June 20th is World Refugee Day. Observed for the first time in 2001, this day draws attention to the urgency and extremely difficult conditions faced by 60 million refugees and internally displaced persons (IDPs) around the world. This June 20th, I pay tribute to the courage and hope shown by these millions of refugees.
The number of refugees and displaced persons is on the rise globally. For example, half of Syria's population are now refugees or internally displaced, in a tragedy unfolding before our eyes. Syria is not alone; elsewhere in the Middle East, the situation is also dire in Iraq and Yemen, while hundreds of thousands of Palestinians refugees are in need of help. Many refugees are making their way to countries such as Turkey, Lebanon and Jordan, countries already overwhelmed, and hundreds of thousands of refugees have tried to cross the Mediterranean to seek refuge in Europe. Too many have died in their attempts to find security.
We must also raise awareness of situations that, all too often, don't get enough press. In Asia, over 50 years of conflict in Myanmar has resulted in over 1.4 million refugees and displaced persons. Pakistan faces a dual crisis, given the large number of refugees it has taken in (over 1 million Afghan refugees in December) and the steadily rising number of IDPs (590,000 in 2015). In South America, one of the world's largest populations of IDPs is in Colombia, as the result of a long civil war that only now appears close to ending.
In Africa, including in the Central African Republic and South Sudan, hundreds of thousands of people are fleeing conflict, drought, and political crises. And yet the plight of refugees in African countries is barely noticed by the international community. There is also a very worrisome and very real problem of radicalization in refugee camps. These camps are being used by terrorists for recruiting young people. The promise of a better life is often used as a tool to radicalize these refugees who have no other viable options.
We also need to think about future generations, as too many children are caught in conflicts and humanitarian crises.
We also know that climate change will lead to the forced migration of millions of people, exacerbating the current crisis. According to some estimates, we could see 200 million climate migrants by 2050. Some population displacement will come directly as a result of rising sea levels or extreme weather events that leave some regions uninhabitable, aggravating food insecurity. The UN High Commissioner for Refugees (UNHCR) recently stated that the number of people displaced each year by natural disasters will soon be much higher than those displaced by conflict. Canada should make stronger commitments on the climate change front. A good first step would be to rejoin the UN Convention to Combat Desertification that the Conservatives had withdrawn from.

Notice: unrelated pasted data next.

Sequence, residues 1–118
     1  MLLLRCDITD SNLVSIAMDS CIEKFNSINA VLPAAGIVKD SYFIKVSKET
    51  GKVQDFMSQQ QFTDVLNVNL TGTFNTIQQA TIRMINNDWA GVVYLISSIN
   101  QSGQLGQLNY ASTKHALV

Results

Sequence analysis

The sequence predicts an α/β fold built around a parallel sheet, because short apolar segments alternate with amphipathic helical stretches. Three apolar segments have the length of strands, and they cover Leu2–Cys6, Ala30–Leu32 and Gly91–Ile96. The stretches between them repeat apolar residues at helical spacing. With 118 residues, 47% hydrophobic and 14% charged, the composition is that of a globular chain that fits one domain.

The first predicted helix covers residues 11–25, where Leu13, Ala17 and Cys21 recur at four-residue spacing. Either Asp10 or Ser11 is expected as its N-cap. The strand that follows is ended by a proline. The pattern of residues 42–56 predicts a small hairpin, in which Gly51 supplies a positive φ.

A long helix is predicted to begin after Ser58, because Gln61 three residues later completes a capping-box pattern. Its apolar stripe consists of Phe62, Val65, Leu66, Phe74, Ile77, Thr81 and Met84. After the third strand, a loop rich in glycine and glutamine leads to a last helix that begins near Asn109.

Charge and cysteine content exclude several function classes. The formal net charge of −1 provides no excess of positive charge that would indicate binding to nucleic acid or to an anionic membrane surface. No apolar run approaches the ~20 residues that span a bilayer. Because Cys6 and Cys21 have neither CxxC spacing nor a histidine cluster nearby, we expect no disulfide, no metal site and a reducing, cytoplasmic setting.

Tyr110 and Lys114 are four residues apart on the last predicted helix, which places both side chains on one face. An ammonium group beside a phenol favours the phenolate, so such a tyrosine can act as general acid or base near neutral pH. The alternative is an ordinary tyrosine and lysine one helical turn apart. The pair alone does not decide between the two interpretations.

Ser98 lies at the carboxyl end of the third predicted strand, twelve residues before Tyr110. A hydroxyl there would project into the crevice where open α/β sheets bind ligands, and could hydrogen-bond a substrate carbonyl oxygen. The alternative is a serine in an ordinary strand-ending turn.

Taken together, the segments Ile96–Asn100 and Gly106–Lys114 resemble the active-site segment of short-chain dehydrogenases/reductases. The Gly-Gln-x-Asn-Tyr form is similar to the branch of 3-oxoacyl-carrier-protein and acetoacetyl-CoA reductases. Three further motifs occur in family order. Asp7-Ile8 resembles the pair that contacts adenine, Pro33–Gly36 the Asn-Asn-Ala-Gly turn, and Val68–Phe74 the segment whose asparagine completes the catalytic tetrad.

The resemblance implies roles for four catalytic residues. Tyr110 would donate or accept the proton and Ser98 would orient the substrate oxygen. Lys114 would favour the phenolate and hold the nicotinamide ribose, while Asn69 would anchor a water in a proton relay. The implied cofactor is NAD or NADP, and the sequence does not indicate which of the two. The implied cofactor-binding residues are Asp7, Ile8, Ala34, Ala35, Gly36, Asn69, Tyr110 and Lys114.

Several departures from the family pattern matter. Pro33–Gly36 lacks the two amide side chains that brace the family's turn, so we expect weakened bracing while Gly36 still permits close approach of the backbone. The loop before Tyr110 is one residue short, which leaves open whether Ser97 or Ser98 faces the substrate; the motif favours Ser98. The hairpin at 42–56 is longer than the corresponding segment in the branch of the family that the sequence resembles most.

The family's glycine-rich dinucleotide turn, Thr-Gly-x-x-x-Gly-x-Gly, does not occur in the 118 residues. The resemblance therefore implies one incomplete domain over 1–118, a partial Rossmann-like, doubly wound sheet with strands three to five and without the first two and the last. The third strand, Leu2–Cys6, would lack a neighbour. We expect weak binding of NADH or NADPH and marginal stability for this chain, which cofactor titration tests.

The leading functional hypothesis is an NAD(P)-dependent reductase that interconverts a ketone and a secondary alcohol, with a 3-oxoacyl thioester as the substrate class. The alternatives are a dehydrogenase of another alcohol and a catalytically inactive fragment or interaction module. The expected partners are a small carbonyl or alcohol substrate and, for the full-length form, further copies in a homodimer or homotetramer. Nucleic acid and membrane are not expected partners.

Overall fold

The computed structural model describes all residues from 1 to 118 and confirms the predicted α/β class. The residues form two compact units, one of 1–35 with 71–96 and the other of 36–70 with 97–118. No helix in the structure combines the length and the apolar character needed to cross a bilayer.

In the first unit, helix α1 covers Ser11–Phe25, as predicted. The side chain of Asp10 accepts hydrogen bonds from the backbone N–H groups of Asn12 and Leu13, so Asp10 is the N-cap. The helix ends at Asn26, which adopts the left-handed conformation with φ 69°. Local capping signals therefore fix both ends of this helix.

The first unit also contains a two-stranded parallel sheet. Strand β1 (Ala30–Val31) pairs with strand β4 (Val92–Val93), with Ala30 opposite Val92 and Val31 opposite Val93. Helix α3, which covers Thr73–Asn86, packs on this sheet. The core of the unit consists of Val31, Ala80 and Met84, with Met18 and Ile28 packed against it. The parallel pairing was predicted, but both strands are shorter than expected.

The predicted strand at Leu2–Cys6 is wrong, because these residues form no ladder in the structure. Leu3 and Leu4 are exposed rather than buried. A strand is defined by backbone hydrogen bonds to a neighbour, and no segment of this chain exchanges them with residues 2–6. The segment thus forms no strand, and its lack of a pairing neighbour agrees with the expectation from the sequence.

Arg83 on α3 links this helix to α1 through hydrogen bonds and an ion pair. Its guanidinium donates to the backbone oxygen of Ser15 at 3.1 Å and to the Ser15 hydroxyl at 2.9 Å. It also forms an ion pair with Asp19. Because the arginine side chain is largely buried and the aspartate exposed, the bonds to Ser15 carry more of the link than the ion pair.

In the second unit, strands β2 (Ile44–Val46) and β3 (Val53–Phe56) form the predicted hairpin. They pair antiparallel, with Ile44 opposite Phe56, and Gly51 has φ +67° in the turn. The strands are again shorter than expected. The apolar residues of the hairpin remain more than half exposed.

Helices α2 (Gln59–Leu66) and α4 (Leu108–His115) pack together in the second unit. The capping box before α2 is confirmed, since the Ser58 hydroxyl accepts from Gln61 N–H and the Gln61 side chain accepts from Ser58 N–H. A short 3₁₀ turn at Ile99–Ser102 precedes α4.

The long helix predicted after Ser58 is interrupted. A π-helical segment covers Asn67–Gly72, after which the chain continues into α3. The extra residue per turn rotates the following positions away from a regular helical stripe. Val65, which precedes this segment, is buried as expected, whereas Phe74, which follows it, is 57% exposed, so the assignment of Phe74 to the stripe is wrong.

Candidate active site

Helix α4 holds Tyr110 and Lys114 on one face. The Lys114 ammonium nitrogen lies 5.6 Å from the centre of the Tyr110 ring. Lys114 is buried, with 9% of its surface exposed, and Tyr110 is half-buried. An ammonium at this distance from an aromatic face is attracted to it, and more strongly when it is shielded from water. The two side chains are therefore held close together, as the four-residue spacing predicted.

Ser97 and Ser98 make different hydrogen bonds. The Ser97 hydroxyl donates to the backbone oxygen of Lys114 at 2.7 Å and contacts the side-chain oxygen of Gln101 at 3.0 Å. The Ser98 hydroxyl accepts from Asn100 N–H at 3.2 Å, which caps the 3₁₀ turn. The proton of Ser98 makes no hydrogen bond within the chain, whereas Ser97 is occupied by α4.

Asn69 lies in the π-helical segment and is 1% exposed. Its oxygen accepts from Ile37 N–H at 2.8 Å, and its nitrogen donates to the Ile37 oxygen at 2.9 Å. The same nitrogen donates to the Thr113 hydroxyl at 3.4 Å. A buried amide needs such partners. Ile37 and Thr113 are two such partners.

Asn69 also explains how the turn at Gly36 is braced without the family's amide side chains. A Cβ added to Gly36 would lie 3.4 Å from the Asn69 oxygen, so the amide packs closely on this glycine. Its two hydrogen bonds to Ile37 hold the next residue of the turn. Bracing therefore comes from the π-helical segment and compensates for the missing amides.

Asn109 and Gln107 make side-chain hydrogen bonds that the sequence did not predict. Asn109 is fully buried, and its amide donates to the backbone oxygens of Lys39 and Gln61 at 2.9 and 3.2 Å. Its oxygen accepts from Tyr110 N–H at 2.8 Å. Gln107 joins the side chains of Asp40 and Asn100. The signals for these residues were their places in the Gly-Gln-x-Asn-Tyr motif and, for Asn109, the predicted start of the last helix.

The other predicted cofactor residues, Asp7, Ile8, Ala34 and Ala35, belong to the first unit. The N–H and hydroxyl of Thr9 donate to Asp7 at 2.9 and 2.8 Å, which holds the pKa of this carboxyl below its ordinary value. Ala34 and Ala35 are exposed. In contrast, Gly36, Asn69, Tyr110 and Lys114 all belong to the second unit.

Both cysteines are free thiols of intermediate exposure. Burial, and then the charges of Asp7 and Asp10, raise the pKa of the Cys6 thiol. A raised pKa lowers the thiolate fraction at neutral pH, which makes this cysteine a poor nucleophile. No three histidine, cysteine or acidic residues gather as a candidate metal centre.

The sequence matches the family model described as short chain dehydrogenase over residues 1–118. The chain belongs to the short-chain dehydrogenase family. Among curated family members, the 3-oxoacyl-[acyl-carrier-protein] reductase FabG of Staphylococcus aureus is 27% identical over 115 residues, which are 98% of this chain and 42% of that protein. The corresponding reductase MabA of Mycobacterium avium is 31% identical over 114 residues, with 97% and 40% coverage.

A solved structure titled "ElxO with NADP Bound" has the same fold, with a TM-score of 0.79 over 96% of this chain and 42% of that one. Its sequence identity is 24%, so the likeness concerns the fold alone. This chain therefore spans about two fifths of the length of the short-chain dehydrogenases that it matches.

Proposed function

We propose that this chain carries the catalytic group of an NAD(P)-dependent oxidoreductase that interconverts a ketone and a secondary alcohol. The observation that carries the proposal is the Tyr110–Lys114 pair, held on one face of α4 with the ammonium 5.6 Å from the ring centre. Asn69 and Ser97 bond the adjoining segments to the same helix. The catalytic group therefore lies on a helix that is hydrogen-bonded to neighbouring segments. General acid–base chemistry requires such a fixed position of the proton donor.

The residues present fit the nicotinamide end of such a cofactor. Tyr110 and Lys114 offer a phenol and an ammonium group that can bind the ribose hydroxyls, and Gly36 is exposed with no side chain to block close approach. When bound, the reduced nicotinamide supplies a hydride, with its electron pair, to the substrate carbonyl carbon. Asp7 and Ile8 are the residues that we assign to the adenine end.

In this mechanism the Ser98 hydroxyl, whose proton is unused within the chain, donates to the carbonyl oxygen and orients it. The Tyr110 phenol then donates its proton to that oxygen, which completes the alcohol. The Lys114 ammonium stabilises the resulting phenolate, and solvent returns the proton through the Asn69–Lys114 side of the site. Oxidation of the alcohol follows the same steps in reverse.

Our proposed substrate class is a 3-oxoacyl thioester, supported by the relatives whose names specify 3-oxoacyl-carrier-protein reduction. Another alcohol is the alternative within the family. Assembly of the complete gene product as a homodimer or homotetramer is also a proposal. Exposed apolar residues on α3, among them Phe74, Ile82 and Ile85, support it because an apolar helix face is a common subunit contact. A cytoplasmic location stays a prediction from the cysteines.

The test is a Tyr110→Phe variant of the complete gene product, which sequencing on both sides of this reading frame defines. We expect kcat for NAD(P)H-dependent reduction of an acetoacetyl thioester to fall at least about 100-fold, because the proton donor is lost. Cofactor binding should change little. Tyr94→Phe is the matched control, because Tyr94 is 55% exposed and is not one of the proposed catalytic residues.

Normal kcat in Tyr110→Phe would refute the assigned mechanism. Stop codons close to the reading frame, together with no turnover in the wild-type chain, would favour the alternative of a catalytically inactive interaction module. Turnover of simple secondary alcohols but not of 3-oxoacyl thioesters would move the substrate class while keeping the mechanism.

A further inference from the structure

Although Canada played a significant role by taking in over 25,000 Syrian refugees last year, they account for less than one per cent of the world's refugees. I believe Canada must do more and become a global model. Canada should increase its acceptance of refugees, regardless of their home country. A refugee is a refugee, regardless of their origin. Settling a larger number of refugees each year is just one solution Canada could consider. Canada should also provide increased humanitarian assistance in crisis situations, and increase its development assistance in fragile states.
We must also empower local actors working to better the lives of their communities. In addition to regular support for Canadian and international humanitarian organizations, Canada should support local organizations in crisis zones that are doing much of the work, without funding or support. In Syria I know of several local relief organizations that continue to help their community, despite the dangers of the conflict. These brave individuals need our help.
We also need to think about future generations, as too many children are caught in conflicts and humanitarian crises. I have asked Canada to support the creation of the Education Cannot Wait Fund, and I am disappointed that the government did not announce a contribution for this initiative when it attended the World Humanitarian Summit a few weeks ago.
Finally, Canada and other donors must address the root causes of forced migration. This means applying concrete and viable political solutions to prevent conflict and fight climate change. One way to do this is to support the inclusion of women in conflict prevention initiatives. I am proud to have encouraged the other members of the House of Commons Standing Committee on Foreign Affairs and International Development to conduct a study on women, peace and security, and I hope to see Canada adopt the recommendations coming out of that study.
Many challenges await us. This June 20th, we must do better for refugees, both at home and abroad.
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